Turkish President Recep Tayyip Erdogan gave no indication on Monday that Ankara’s deal with Moscow for the S-400 missile system, which triggered unprecedented U.S. sanctions on the NATO ally, would be reversed.
Erdogan’s comments came on the heels of his first face-to-face bilateral meeting with President Joe Biden on the sidelines of the NATO leaders summit.
“It was a very fruitful and sincere meeting,” Erdogan told reporters at NATO’s headquarters, adding that the two allies would continue to negotiate on a range of issues.
Biden also said the meeting with Erdogan was productive, adding that he was confident the U.S. will “make real progress with Turkey.”
Under the Countering America’s Adversaries Through Sanctions Act, or CAATSA, any foreign government working with the Russian defense sector finds itself in the crosshairs of U.S. economic sanctions.
In December, the Trump administration slapped CAATSA sanctions on Turkey after the NATO ally purchased a multibillion-dollar Russian missile system. The S-400, a Russian mobile surface-to-air missile system, is said to pose a risk to the NATO alliance as well as the F-35, America’s most expensive weapons platform.
National security advisor Jake Sullivan told reporters on Sunday that Biden and Erdogan would discuss “issues in our bilateral relationship,” without specifically naming the U.S. sanctions.
Sullivan also said the two are expected to consult on a range of regional security issues, spanning from Syria to Libya to the eastern Mediterranean. He added that Biden would also have the chance to consult with his Turkish counterpart on how to counter China and Russia.
When asked about the CAATSA sanctions imposed on Turkey, lawyers from Kirkland & Ellis described them as “calibrated” but also potentially challenging to lift.
“The sanctions that were implemented are a bit more targeted,” explained Sanjay Mullick, a partner at Kirkland & Ellis who specializes in the firm’s International Trade and National Security group.
“Here the focus was on licensing, technology, and not so much on prohibitions on any and all financial transaction. The takeaway is a bit more calibrated, although the sanctioning of a NATO ally is certainly meaningful,” he added.
“This is a step that is not typically seen in the relationship with such an allied partner, although in this case, perhaps prompted by Turkey’s engagement in activities which were contrary to prior U.S. foreign policy decisions such as those put in place against Russia in 2017,” Abigail Cotterill, counsel at Kirkland & Ellis’ International Trade and National Security Practice Group, told CNBC.
When asked about any potential for the Biden administration to lift sanctions, the lawyers explained that unilateral action taken by the president may be unlikely given the complexity of the matter.
“Typically yes, the president can do and undo, or at least work with Congress to do and undo. This one’s a bit more pointed situation where there may be less flexibility and less agility, requiring a combination of legal authority and of course political will,” Mullick explained.
“We might expect to see at least some coordination, even if not required between the executive branch and Congress,” Cotterill added.
“This really fits in the larger context of U.S.-Russia relations and in a way, the sanctions on Turkey, quote-unquote, were a derivative of the law, that put in place a mechanism for sanctioning anybody fill in the blank if they engaged in certain activities with certain sectors of Russian defense,” Mullick said.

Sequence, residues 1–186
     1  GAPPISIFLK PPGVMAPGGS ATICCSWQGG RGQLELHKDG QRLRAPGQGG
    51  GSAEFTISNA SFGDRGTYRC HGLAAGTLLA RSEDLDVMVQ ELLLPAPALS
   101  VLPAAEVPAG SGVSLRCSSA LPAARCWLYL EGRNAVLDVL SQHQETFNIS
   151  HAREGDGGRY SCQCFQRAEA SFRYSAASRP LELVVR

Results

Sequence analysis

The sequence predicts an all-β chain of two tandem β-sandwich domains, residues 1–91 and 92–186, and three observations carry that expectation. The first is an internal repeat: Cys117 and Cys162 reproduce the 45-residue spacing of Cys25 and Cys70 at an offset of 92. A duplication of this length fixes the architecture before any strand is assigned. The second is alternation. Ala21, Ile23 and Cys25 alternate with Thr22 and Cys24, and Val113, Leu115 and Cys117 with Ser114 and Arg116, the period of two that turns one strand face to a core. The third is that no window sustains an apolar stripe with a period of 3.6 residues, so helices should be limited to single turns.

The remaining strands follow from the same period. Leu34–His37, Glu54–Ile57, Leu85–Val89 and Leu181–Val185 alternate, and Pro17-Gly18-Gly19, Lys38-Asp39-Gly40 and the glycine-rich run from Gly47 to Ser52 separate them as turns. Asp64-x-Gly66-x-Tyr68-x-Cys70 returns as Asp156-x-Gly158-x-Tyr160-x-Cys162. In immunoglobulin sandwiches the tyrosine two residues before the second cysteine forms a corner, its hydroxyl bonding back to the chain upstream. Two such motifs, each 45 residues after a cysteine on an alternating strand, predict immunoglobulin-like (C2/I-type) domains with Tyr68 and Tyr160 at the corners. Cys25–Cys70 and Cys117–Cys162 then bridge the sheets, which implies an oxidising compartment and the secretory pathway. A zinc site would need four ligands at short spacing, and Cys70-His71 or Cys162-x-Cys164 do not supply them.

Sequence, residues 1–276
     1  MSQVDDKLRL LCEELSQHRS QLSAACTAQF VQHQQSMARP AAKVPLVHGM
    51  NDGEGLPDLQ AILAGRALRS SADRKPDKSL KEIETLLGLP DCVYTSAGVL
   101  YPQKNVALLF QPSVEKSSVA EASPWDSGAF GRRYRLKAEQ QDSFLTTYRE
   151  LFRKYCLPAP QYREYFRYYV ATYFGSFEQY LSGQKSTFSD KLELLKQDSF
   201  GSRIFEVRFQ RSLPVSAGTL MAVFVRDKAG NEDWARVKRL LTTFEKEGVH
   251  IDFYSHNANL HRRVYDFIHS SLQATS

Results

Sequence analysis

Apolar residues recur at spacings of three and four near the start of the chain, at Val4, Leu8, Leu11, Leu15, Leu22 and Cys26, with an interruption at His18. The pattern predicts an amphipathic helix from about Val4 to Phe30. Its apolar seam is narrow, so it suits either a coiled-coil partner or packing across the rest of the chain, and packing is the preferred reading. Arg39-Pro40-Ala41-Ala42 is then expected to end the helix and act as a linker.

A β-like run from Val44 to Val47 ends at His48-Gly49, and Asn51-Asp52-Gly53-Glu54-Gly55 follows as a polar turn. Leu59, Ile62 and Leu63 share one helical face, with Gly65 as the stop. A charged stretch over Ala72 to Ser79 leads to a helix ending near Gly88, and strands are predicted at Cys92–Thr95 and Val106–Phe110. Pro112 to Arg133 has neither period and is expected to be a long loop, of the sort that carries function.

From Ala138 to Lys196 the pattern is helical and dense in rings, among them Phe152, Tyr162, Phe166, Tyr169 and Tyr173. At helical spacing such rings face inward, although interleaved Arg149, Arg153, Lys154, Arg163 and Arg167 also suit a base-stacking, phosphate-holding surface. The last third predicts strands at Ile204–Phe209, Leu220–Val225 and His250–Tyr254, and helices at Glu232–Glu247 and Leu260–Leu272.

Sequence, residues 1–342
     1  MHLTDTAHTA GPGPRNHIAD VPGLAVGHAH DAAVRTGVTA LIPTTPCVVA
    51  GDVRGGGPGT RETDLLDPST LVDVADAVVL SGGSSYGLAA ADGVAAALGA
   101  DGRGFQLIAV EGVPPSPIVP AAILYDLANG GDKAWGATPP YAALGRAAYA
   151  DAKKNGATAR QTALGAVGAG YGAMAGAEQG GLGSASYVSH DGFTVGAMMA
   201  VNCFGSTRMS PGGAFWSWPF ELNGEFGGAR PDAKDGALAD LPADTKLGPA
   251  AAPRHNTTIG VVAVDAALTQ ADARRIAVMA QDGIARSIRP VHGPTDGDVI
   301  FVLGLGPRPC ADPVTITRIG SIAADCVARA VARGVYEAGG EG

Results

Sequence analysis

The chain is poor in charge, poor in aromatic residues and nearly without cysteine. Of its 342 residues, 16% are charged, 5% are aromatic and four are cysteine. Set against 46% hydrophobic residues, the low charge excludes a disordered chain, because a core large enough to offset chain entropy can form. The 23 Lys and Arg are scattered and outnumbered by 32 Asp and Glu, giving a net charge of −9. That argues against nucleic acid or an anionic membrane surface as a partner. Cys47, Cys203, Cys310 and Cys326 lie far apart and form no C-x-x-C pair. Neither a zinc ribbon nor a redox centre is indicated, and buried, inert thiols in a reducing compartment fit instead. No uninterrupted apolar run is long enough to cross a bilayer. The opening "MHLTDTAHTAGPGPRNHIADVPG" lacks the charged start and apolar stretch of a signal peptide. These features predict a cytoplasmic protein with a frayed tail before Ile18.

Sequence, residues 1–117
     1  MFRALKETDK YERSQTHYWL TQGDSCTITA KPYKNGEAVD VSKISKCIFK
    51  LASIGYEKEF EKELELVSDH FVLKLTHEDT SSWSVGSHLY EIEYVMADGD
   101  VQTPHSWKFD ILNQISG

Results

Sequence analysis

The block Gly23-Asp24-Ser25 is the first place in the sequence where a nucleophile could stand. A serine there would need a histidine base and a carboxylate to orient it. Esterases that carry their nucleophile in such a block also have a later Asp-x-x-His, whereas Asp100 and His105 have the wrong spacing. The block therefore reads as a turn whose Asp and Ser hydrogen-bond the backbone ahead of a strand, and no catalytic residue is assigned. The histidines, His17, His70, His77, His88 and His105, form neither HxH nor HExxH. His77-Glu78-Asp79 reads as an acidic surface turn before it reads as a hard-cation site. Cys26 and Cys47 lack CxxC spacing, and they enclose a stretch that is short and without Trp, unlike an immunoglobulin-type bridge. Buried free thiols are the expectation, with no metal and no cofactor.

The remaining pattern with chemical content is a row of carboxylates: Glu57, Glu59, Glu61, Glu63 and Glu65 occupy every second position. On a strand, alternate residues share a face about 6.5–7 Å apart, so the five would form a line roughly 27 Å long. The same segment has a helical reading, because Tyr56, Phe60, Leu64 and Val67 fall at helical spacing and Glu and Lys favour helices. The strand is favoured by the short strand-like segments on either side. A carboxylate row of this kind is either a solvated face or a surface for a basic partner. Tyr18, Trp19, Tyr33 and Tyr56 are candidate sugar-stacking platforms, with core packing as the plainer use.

“And so Turkey happened to walk itself into that knowingly, unknowingly, I think knowingly,” he added.
Striking a deal with the Kremlin
In 2017, Erdogan brokered a deal reportedly worth $2.5 billion with Russian President Vladimir Putin for the S-400 missile system. The S-400, the successor to the S-200 and S-300 missile systems, made its debut in 2007.
Compared with U.S. systems, the Russian-made S-400 is believed to be capable of engaging a wider array of targets, at longer ranges and against multiple threats simultaneously.
Despite warnings from the United States and other NATO allies, Turkey accepted the first of four missile batteries in July 2019. A week later, the United States cut Turkey, a financial and manufacturing partner, from the F-35 program.
Due to Turkey’s removal from the F-35 program, U.S. defense giant Lockheed Martin offered the jets originally slated to join Ankara’s arsenal to other customers.
In October, reports surfaced that Turkey’s military began testing the S-400 system. Both the departments of Defense and State condemned the apparent missile test off Turkey’s Black Sea coast.
“The United States has expressed to the Government of Turkey, at the most senior levels, that the acquisition of Russian military systems such as the S-400 is unacceptable,” wrote then-State Department spokeswoman Morgan Ortagus in an emailed statement at the time.
“The United States has been clear on our expectation that the S-400 system should not be operationalized,” she added.
The U.S. sanctions coupled with Turkey’s forced departure from a lucrative defense platform sent a strong message to other foreign governments considering future weapons deals with Russia.
“How the Biden administration handles the S-400 sanctions will form an important and durable precedent,” explained Thomas Karako, director of the Missile Defense Project at the Center for Strategic and International Studies.
“Our allies, partners, and adversaries have already witnessed the slow, begrudging, and tepid imposition of CAATSA sanctions by the Trump administration. Exacerbating that story by further weakness would send an unfortunate signal to a host of other partners,” Karako told CNBC.
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